Compute: discounted price = ( 1 - discount ) x total regular price Output the discounted price

Table 1 - Flowchart Components and Descriptions Component Description This indicates the start and/or end of the algorithm. Every algorithm must have a start and end. Input/Output. This is used to indicate that information is being output or being read in. It should be clear as to whether the component refers to input or output. Statement or process. This describes a specific instruction (or group of similar instructions). A statement will have one or more entry points but only a single exit point. Decision. Used to select an execution path based on a decision. There are one or more entry points, and two exit points. The exit points correspond to when the decision is true (yes) or false (no), and must be labelled appropriately. Example See component

Question Draw a flowchart to represent the above algorithm.

What to Hand InFor this exercise, submit the paper copy of the pseudocode from Task 1.1 and the paper copy of the flowchart for Task 1.2.

Exercise 2 In-Lab Exercise: Introduction to Microsoft Visual C++ (7 pts)Note: This exercise must be completed during the lab period and a hardcopy must be submitted to your TA, by the end of the lab session.Microsoft Visual Studio is an integrated development environment (IDE) from Microsoft. It supports different programming languages such as Visual Basic, Visual C#, Visual C++ etc. An IDE is a software application that provides comprehensive facilities to computer programmers for software development. In this course, we will use MS Visual C++ environment to study C or C++. We will learn how to use MS Visual C++ to develop console applications. The development of graphical user interface applications is for advanced users which is not included in this course. In the following, we will learn how to create a simplest console application using MS Visual C++.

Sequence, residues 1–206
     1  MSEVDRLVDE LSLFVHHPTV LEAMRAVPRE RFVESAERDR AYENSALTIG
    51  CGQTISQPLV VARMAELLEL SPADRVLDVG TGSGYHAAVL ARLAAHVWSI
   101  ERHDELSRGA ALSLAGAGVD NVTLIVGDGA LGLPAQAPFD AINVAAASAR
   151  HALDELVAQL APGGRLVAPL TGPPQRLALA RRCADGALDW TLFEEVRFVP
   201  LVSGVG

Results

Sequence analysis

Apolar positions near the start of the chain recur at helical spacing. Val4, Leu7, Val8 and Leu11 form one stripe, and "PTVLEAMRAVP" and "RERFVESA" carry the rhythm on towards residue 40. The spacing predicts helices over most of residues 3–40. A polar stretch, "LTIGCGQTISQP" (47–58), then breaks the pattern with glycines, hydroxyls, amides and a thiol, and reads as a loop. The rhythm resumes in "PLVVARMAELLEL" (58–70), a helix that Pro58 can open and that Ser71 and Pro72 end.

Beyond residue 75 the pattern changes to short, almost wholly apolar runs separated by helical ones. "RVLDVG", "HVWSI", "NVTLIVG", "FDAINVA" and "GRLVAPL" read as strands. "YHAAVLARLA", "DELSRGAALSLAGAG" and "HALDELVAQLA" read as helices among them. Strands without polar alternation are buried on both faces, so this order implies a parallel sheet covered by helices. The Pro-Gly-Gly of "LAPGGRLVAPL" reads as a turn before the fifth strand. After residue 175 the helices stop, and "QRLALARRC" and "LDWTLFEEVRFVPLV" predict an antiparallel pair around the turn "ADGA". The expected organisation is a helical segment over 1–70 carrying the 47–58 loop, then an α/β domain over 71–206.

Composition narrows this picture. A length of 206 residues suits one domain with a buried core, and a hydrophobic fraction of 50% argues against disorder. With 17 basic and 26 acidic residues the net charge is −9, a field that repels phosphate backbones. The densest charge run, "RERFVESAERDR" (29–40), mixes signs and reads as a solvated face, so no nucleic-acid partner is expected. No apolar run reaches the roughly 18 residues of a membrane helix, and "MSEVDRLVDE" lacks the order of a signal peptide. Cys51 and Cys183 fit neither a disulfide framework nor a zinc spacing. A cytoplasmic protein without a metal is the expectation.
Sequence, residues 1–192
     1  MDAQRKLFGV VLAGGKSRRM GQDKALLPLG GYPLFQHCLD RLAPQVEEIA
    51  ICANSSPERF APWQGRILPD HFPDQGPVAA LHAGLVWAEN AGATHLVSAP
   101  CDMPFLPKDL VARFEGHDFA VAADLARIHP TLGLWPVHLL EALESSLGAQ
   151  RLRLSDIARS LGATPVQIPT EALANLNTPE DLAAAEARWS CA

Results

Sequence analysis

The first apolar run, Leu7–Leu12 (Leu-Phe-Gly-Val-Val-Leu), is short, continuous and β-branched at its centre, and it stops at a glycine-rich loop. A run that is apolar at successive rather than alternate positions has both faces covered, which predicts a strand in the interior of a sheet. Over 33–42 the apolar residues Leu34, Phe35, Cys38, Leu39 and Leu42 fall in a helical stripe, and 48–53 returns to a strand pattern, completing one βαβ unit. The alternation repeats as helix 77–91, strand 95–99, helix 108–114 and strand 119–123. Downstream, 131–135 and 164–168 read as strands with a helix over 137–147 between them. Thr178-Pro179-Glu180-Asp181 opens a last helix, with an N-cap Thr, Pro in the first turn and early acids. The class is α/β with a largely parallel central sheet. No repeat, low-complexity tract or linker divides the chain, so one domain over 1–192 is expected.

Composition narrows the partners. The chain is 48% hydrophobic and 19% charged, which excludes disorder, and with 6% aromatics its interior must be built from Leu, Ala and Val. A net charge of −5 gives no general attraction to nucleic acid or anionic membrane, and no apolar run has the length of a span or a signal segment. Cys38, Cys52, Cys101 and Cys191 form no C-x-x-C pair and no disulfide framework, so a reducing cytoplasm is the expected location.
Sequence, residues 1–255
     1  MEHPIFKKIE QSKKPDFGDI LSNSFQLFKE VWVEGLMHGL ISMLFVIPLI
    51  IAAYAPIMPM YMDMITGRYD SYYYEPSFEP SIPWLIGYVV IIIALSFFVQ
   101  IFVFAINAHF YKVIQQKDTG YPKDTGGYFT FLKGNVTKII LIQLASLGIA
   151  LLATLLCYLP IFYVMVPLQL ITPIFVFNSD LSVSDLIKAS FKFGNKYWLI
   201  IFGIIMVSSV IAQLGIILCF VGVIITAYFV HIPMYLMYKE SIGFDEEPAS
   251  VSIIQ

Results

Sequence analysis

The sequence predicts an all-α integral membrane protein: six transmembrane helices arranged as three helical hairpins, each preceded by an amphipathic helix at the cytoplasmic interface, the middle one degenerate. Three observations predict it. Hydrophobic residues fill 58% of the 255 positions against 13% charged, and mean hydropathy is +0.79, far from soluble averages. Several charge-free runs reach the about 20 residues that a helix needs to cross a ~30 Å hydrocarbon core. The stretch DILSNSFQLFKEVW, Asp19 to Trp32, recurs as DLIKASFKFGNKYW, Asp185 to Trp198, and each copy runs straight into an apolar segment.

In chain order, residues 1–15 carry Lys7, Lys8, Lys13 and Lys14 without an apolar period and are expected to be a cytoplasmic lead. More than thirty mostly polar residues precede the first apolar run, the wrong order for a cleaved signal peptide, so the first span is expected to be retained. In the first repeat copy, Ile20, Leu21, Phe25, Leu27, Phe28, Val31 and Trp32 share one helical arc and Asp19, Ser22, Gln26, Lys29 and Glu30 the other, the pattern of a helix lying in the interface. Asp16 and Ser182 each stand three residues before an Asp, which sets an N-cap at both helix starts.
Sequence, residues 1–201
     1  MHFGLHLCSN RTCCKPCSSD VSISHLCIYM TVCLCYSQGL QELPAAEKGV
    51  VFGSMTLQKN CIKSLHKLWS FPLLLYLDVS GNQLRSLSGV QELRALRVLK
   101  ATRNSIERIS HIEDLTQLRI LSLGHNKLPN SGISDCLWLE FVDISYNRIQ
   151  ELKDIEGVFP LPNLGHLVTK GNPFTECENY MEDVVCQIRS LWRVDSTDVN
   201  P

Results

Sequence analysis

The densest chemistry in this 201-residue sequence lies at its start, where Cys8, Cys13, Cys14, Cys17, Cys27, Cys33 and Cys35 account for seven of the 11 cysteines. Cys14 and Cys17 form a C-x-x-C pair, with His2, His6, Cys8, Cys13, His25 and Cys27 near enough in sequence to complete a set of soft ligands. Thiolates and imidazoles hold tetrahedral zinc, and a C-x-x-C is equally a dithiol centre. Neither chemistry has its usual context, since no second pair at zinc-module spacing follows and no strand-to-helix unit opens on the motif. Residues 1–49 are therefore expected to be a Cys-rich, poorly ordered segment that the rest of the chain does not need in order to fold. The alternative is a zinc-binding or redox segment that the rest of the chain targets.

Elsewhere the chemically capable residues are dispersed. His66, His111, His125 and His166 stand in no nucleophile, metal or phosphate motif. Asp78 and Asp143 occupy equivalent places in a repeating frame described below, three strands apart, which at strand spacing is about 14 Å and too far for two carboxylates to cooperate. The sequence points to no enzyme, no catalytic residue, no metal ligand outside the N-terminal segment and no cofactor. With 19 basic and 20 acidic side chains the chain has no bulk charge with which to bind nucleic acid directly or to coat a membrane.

Creating a Console Application Using MS Visual C++To launch Microsoft Visual C++, from the start menu select ProgramsMicrosoft Visual Studio 2010Microsoft Visual Studio 2010. If this is the first time you are using this software on the computer, it will ask you to choose your default environment settings. You need to select Visual C++ Development Settings from the list, and then click on Start Visual Studio. Visual Studio will configure the IDE in Visual C++ development settings. It may take a few minutes to configure. Be patient. The Start Page should now appear.

Creating a new projectWhen MS Visual Studio 2010 opens, you will see a Start Page. This is just Microsoft propaganda and should be ignored. There is also a window of recent projects and a window of Getting Started. I would also suggest ignoring the Getting Started tutorials as they are too complicated and are aimed at professional developers. Instead, create a new project by selecting FileNewProject. A new project dialog box will pop up as shown in Figure 1. As the IDE is set as Visual C++ development environment, by default, Visual C++ and Win32 Console Application in the Templates panel are highlighted. To develop different applications, select different modules such as MFC Application and Win32 Project etc. For all labs in ENGG 233 select Visual C++ and Win32 Console Application in the New Project dialog box. Type a name for the application in the Name box, and in the Location box, type the path to where you want the application to be created. The default location is somewhere in your home drive, H:\My Documents\Visual Studio 2010\Projects, which is not convenient to use. Change the location to the root directory of Home drive H and type

lab2 in the Name textbox. Unselect the Create directory for solution in the bottomright of the new project dialog box, and press OK. A dialog box called Found a suitable location for browsing database and IntelliSense files will appear. This dialog appears because we are creating a project on a network drive. If you create a project on a local drive, the dialog wont appear. You need to click OK, and the Win32 Application Wizard will appear. On the left of the box, select Application Settings. In the Applications Settings Window, make sure that Console Application is selected (the default). In the Additional options, select Empty Project instead of Precompiled Header. Your selections here are very important so be very careful with this step. Different selections will cause totally different results. Make sure your selections are the same as those shown in Figure 2, and then click Finish. A folder lab2 will be created in the H drive, which contains an empty Win32 console project that Visual Studio generated for you.

Figure 1 New project dialog box

Figure 2 Application settings dialog box

Once you click on Finish, the Application settings dialog b